Protect yourself, protect your patients, and protect your community. Be serious about preventing the spread of the flu. EMS providers are the first line of defense against this insidious disease. Remember that if you are sick, stay home. A person remains infectious for around 7 days after symptoms first appear. Stay home from work until you are at least 24 hours free from fever. Flu prevention is truly an area where EMS is at the intersection of Medicine and Public Health. As with many things, an ounce of prevention can go a long way in the fight against flu.

 

 

 

A comparison of Symptoms between the Common Cold and the Flu

 

Common Cold

Flu

Symptoms

Cold symptoms appear gradually and include sneezing, cough, stuffy nose and sore throat. Fevers are very rare and fatigue is mild. Headaches sometimes occur.

Flu symptoms appear quickly (within 3-6 hrs) and include fever, chills, severe aches and chest discomfort.

Severity:

Usually does not cause severe health problems.

Serious health problems, such as pneumonia, bacterial infections, or hospitalizations can occur.

Fever:

Rare

Usually present

Fatigue:

Mild

Moderate to severe

Chills:

Rare

Common

Sneezing:

Common

Rare

Chest pain:

Mild to moderate

Often severe

Coughing:

Hacking, productive cough

Dry, unproductive cough

Headache:

Rare

Common

Stuffy nose:

Common

Rare

Aches:

Slight, but only headaches

Usual and often severe, affects the entire body.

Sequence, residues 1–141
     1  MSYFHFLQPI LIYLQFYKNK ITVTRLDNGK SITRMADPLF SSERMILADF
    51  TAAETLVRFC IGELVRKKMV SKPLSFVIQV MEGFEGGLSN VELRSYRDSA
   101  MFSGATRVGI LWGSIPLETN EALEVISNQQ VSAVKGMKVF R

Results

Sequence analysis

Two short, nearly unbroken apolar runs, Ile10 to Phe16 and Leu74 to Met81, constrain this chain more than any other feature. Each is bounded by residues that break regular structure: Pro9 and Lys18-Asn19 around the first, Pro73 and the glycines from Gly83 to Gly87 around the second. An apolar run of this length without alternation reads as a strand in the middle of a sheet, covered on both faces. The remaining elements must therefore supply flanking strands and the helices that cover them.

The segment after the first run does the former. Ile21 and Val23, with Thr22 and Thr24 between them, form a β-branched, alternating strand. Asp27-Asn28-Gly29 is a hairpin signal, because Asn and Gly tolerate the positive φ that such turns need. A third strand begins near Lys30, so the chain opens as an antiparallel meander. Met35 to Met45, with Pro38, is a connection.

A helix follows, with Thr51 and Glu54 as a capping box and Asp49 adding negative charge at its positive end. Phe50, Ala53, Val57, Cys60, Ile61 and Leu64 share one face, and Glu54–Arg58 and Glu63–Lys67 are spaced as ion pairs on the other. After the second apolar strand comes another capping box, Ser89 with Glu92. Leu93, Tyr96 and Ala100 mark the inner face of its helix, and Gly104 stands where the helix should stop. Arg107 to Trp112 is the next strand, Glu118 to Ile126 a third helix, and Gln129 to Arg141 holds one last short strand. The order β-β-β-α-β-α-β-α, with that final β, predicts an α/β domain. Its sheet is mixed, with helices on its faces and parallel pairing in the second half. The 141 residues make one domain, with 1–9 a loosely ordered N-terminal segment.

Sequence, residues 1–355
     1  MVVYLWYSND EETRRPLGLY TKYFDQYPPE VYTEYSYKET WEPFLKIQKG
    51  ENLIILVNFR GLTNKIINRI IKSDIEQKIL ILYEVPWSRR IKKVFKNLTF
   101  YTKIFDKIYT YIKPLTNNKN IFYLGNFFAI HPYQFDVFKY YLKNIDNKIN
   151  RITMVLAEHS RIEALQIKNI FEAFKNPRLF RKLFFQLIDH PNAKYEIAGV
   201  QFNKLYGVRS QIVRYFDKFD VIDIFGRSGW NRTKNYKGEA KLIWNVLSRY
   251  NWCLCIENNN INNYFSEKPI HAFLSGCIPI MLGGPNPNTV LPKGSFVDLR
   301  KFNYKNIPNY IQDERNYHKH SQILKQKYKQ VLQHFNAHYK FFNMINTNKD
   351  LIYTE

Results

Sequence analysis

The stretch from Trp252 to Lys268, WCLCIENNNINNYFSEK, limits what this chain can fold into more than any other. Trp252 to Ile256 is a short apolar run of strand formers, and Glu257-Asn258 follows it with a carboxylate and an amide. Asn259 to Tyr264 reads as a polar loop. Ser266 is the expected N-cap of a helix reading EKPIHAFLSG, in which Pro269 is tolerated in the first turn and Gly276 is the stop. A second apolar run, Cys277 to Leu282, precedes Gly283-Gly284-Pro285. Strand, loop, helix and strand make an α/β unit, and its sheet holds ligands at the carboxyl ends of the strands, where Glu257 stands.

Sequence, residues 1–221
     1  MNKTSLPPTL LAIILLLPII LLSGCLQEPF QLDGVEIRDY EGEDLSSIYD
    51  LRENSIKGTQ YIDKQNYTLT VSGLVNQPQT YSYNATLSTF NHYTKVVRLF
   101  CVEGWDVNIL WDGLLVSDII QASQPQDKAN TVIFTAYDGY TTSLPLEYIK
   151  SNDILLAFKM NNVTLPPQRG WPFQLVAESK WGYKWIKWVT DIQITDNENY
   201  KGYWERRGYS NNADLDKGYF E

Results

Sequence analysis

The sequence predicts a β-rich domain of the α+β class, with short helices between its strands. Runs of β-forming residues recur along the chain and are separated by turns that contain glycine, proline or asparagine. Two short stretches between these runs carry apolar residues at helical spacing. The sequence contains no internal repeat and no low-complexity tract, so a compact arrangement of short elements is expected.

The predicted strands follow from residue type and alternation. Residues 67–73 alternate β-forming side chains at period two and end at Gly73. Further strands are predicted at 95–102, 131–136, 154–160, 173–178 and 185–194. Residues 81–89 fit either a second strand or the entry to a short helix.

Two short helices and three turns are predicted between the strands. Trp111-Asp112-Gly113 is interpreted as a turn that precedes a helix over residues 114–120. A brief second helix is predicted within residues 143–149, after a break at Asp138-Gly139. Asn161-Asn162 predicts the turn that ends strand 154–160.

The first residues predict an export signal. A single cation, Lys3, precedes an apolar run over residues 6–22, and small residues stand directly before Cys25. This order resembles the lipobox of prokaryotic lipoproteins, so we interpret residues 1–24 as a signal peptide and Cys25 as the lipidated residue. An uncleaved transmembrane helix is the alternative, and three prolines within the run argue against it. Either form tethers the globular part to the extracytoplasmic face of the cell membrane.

Sore throat:

Common

Rare

Treatment:

There is no cure for the common cold. Cough syrup and other cold medications are available to ease some of the symptoms and make the patient feel a little better. Tea and nasal drops also sometimes help.

Sometimes antiviral medication helps control the flu but often patients simply wait for their body to fight the virus and overcome the disease. Medication is also available to ease patient comfort.

Duration of illness:

Symptoms typically peak two to three days after infection onset, and usually resolve in seven to ten days.

In children, the cough lasts for more than ten days in 35–40% of the cases and continues for more than 25 days in 10%. Adults usually feel better in seven days.

Seasonal?

Not seasonal (occurs throughout the year)

Seasonal (in winter). In the U.S., flu season is generally October to May and peaks in February.

Vaccine?

No

Yes

Causative Organism:

adenoviruses, coronaviruses, rhinoviruses (most common cause), respiratory syncytial virus, parainfluenza virus, influenza virus

Influenza virus

 

  • Bob

    hey people

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Chris Kaiser aka "Ckemtp"

I am a paramedic trying to advance the idea that the Emergency Medical Services can be made into the profession that we all want it, need it, and know it deserves to be.